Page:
This morning, I’m finally proud of myself for figuring out how to do laundry here and knowing to take my shoes off when there’s a rug and figuring out how to wash myself with water.
At around 10am, I [still awkwardly] go downstairs and search for breakfast. I greet Awa, one of the maids, and she asks me what I want to eat: “Qu’est-ce que tu veux manger?” Except of course, she asks in Wolof, which I don’t understand, so she has to repeat herself in French, which I don’t understand well, and so then she has to repeat herself again in French. I want some fruit, so I ask:
“Est-ce qu’il y a des fruits?”
“Des… fruits? Fruits?”
“…. oui? Des… fruits?”
This is how most of my conversations in this house go. Anyway, Awa tells me that one eats bread for breakfast. I’m not sure why she asked me what I wanted to eat then.
“Non. Pas de fruits. Le petit déjeuner on mange le pain.”
“Oh. …. .. du pain? … Je veux manger du pain?”
“Oui. Je vais l’amèner [sic].”
She brings out an elaborate setup. The bread is better than the bread we’ve been eating at school but is still made out of that same light flour (in contrast to the traditionally European harder bread flour). I look in all the tins. There’s some margarine under a lid, and some sugar in the small cylinder. The big cylinder has a creamy-looking powder that smells like parmesan. Interesting! I recall that we had spreadable cheese for breakfast every day and press some of the parmesan into my baguette. It actually sticks to the bread quite well, though it tastes a little sweet and not parmesany at all, so I add another spoonful. Gotta get my nutrition somewhere if I’m eating white flour for breakfast every day!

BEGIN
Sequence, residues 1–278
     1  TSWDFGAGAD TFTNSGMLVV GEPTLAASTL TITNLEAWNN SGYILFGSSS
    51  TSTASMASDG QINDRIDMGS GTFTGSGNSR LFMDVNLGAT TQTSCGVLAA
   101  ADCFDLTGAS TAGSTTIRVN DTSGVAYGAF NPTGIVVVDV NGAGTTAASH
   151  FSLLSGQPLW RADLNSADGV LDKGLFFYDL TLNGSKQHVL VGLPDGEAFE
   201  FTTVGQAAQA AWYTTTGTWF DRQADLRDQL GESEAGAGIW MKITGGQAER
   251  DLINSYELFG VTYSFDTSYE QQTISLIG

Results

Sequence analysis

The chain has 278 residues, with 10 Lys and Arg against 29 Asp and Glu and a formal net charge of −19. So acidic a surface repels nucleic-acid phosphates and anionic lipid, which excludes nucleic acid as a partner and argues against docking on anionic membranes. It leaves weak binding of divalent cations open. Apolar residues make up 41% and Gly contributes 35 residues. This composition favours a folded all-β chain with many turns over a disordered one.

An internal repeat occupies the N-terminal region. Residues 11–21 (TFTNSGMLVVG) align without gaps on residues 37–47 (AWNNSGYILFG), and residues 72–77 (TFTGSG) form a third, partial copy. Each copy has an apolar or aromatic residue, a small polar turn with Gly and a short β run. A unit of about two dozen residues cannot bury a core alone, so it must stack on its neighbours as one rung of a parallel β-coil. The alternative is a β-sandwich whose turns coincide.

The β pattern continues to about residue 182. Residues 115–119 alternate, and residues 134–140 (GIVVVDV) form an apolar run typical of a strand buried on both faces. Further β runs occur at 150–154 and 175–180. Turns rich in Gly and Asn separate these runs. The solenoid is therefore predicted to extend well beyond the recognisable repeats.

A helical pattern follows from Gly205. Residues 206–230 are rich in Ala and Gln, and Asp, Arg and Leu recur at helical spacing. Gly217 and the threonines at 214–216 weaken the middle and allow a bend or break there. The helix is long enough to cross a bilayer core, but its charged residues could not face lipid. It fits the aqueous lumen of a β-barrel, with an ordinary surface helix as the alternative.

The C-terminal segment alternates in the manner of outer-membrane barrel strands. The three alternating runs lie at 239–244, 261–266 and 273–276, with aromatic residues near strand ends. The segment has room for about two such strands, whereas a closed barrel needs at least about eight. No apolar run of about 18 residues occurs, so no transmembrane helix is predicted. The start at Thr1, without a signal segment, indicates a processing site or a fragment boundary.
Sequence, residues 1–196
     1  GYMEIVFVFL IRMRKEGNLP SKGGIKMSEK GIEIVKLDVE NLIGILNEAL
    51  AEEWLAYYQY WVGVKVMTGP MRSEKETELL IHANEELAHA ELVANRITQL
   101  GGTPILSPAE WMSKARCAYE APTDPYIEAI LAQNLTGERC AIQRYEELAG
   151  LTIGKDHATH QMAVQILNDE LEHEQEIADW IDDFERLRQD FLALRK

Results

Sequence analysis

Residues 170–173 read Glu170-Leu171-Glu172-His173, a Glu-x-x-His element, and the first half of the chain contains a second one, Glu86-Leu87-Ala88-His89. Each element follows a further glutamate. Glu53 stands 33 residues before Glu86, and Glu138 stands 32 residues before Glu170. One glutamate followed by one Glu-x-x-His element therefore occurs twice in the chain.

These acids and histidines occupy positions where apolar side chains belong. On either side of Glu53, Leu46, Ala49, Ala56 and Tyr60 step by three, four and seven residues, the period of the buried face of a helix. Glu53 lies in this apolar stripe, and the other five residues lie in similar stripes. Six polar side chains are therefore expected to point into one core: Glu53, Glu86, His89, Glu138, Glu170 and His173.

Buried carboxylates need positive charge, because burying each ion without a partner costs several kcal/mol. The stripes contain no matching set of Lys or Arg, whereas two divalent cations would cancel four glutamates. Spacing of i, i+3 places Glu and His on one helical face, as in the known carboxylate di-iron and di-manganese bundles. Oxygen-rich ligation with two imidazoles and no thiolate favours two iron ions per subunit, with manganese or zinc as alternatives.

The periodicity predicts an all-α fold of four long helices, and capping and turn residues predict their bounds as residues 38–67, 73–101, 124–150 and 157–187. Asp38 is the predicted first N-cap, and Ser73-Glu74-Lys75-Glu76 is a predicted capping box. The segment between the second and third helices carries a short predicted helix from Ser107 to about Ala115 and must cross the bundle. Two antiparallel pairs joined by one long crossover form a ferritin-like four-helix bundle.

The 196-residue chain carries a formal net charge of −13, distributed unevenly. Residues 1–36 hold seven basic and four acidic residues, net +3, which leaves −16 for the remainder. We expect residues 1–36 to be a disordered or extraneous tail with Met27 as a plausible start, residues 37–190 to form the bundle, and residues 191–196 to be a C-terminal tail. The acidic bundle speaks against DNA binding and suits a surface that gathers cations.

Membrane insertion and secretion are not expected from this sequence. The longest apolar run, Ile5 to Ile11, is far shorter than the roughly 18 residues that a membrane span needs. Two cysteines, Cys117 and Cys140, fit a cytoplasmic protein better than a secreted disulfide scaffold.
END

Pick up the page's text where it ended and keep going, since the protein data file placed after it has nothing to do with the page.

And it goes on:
Marie’tou comes downstairs; we greet each other and she makes herself some tea. I see her put a cube of sugar in, and then she puts in some powder from the big cylinder! Uh oh. That can’t be parmesan then.
I ask her (with many repetitions) what la difference between the two is and she tells me that one is sugar… and that the “parmesan” is powdered milk.